Bolsonaro's anti-crime rhetoric was central to his campaign for president. After Bolsonaro assumes the presidential mantle in January 2019, it remains very likely that the president-elect will hold firm to his pledge to wage a war on violent crime. This will likely entail more troops on the streets, as well as greater impunity for security forces that shoot and kill suspected criminals. Congress is likely to approve any major anti-crime bill the PSL coalition proposes; according to the Brazilian Forum of Public Safety, the murder rate in 2017 in Brazil was the highest in the country's history at approximately 30 per 100,000 people. Military operations will likely become more common in low-income neighborhoods in major cities such as São Paulo and Rio de Janeiro.
Bolsonaro's security strategy, which may increase violence in the long-term, even if Brazil registers a brief reduction in violence initially, mirrors a security policy already in place in Rio de Janeiro. In February 2018, Congress approved President Michel Temer's decree for military intervention in Rio de Janeiro to quash violent crime. Temer's order has still not been retracted, and thousands of soldiers currently patrol Rio de Janeiro's streets. The military was also granted control of the city's police force for the first time since 1988. The heightened presence of federal troops in major cities will likely be a permanent feature of Bolsonaro's presidency. The collaborative digital platform Fogo Cruzado, which documents armed violence in Brazilian cities, indicated a large increase in firefights in Rio de Janeiro between April and September compared to the same period in 2017.
A public schism surrounding the success of Bolsonaro's war on crime will likely develop in response to security efforts in favelas. The backlash by favela dwellers to previous military-like operations in their neighborhoods is emblematic of the type of resistance that many people in low-income communities will continue to display under Bolsonaro's presidency, even as a significant number of people in those same communities champion Bolsonaro's new security strategies. As the military effort increases in scope in large cities, a greater number of bystanders may be caught in the crossfire between security forces and organized crime groups. If notable activists, such as the recently murdered politician Marielle Franco, whose death sparked widescale protests, continue to be killed, civil unrest will likely reach new heights. Similar to Brazil's experience following former President Dilma Rousseff's impeachment, anti- and pro-Bolsonaro protests will likely become a common feature even before Bolsonaro takes office.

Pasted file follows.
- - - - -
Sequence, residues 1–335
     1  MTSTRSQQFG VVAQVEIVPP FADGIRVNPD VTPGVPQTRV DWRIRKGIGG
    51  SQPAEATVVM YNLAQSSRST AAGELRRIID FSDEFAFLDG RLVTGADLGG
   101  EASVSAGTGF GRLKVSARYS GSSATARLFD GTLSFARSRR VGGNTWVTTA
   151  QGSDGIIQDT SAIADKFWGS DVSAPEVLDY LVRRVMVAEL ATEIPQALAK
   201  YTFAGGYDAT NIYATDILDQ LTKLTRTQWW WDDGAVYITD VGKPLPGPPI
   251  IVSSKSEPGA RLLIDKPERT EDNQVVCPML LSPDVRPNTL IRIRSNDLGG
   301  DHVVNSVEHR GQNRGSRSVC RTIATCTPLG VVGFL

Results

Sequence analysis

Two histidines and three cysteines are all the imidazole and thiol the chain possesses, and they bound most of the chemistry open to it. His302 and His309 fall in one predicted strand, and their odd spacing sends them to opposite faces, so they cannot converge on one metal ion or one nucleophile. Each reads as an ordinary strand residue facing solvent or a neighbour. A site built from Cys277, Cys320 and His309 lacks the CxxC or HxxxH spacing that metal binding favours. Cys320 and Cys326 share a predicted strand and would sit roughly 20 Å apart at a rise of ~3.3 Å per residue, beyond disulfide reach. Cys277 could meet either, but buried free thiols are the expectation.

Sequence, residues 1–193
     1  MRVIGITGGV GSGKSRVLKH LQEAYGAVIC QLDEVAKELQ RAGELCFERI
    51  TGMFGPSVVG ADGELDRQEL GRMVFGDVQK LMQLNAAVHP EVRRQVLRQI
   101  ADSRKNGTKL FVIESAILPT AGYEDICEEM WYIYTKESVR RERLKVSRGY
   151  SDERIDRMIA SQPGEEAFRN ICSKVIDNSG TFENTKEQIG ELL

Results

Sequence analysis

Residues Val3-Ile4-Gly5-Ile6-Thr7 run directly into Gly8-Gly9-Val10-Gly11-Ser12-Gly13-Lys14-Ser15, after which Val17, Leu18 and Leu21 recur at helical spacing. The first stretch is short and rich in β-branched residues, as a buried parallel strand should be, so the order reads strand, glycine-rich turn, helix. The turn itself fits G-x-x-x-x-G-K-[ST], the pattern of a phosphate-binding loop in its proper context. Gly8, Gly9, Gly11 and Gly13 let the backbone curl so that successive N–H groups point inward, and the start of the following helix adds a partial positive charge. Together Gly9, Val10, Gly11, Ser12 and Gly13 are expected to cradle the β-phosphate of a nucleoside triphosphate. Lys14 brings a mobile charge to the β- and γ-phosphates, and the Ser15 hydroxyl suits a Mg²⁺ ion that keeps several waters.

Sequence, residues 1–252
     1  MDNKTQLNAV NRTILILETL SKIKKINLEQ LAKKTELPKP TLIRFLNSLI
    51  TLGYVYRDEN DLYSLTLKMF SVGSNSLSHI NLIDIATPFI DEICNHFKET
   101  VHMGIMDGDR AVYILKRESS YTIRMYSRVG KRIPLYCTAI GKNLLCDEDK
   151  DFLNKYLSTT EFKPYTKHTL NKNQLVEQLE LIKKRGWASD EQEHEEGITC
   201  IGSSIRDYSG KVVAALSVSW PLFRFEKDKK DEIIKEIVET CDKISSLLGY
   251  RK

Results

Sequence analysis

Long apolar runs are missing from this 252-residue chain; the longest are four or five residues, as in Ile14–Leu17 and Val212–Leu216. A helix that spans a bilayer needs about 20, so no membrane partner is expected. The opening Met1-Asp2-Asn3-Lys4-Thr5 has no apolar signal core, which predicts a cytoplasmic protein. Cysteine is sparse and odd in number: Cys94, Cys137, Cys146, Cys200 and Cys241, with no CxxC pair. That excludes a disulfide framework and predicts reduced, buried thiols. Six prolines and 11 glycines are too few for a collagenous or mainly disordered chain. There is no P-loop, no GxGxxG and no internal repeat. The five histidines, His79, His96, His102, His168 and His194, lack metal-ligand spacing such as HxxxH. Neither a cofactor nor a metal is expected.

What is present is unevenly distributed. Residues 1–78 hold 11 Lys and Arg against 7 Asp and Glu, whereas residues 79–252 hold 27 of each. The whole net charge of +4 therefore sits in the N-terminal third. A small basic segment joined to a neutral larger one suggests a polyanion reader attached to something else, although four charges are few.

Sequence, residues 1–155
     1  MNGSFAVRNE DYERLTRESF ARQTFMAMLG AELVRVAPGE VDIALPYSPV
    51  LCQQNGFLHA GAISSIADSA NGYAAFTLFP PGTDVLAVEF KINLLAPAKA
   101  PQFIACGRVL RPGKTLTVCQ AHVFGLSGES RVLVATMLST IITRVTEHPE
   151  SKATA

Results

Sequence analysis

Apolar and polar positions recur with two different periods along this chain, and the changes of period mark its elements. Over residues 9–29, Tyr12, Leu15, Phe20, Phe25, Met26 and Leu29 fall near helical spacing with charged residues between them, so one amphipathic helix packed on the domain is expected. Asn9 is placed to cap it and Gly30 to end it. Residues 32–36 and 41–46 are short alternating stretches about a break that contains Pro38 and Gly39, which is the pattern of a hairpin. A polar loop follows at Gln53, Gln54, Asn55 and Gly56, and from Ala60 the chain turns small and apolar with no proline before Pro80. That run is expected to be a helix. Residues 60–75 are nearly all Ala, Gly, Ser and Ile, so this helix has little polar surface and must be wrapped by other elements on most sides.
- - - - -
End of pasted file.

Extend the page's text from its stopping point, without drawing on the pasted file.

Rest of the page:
Turbulent Economic and Legislative Waters
A fundamental question is whether investor excitement in Bolsonaro's victory will result in long-term economic stability. Markets have reacted positively in anticipation of the liberal economic agenda championed by Bolsonaro's chief economic advisor, Paulo Guedes. Brazilian stocks enjoyed very robust growth in the build-up to the elections, as Bolsonaro began to gain momentum in the polls, and experienced a surge after both the first and second rounds of elections on Oct. 17 and Oct. 28. The major question is whether the current enthusiasm, reflected in the markets, will last.
Bolsonaro's economic agenda, while focused mainly on job creation on the campaign trail, will likely include austerity measures that could drain the economic lifeblood of his base and may increase public dissatisfaction with his presidency. Bolsonaro's economic policy initiatives include comprehensive tax reform and major privatization schemes aimed at reducing the country's public debt by 20 percent. Noting this, Bolsonaro has backtracked on some of his privatization pledges, particularly for state-owned energy companies. While failure to follow through with some of his privatization promises may anger some of Bolsonaro's base, many of his supporters come from a disillusioned populist wave, more preoccupied with violent crime and lack of economic opportunity than broad economic principles.